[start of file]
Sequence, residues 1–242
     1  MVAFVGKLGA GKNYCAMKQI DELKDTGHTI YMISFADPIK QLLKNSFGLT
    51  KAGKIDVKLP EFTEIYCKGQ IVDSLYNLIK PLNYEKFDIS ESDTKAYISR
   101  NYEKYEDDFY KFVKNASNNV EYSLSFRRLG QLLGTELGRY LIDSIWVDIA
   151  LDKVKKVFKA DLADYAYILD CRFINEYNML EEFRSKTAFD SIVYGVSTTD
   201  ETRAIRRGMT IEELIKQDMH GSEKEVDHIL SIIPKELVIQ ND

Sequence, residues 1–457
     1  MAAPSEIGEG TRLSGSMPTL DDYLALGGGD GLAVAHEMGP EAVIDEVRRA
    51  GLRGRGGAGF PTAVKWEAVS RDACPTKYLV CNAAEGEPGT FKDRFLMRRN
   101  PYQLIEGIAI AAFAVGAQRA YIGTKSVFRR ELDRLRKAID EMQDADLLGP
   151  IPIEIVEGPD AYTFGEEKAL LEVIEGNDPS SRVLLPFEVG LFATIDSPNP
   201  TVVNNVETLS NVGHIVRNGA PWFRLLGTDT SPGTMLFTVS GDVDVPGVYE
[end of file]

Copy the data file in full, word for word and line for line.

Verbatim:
Sequence, residues 1–242
     1  MVAFVGKLGA GKNYCAMKQI DELKDTGHTI YMISFADPIK QLLKNSFGLT
    51  KAGKIDVKLP EFTEIYCKGQ IVDSLYNLIK PLNYEKFDIS ESDTKAYISR
   101  NYEKYEDDFY KFVKNASNNV EYSLSFRRLG QLLGTELGRY LIDSIWVDIA
   151  LDKVKKVFKA DLADYAYILD CRFINEYNML EEFRSKTAFD SIVYGVSTTD
   201  ETRAIRRGMT IEELIKQDMH GSEKEVDHIL SIIPKELVIQ ND

Sequence, residues 1–457
     1  MAAPSEIGEG TRLSGSMPTL DDYLALGGGD GLAVAHEMGP EAVIDEVRRA
    51  GLRGRGGAGF PTAVKWEAVS RDACPTKYLV CNAAEGEPGT FKDRFLMRRN
   101  PYQLIEGIAI AAFAVGAQRA YIGTKSVFRR ELDRLRKAID EMQDADLLGP
   151  IPIEIVEGPD AYTFGEEKAL LEVIEGNDPS SRVLLPFEVG LFATIDSPNP
   201  TVVNNVETLS NVGHIVRNGA PWFRLLGTDT SPGTMLFTVS GDVDVPGVYE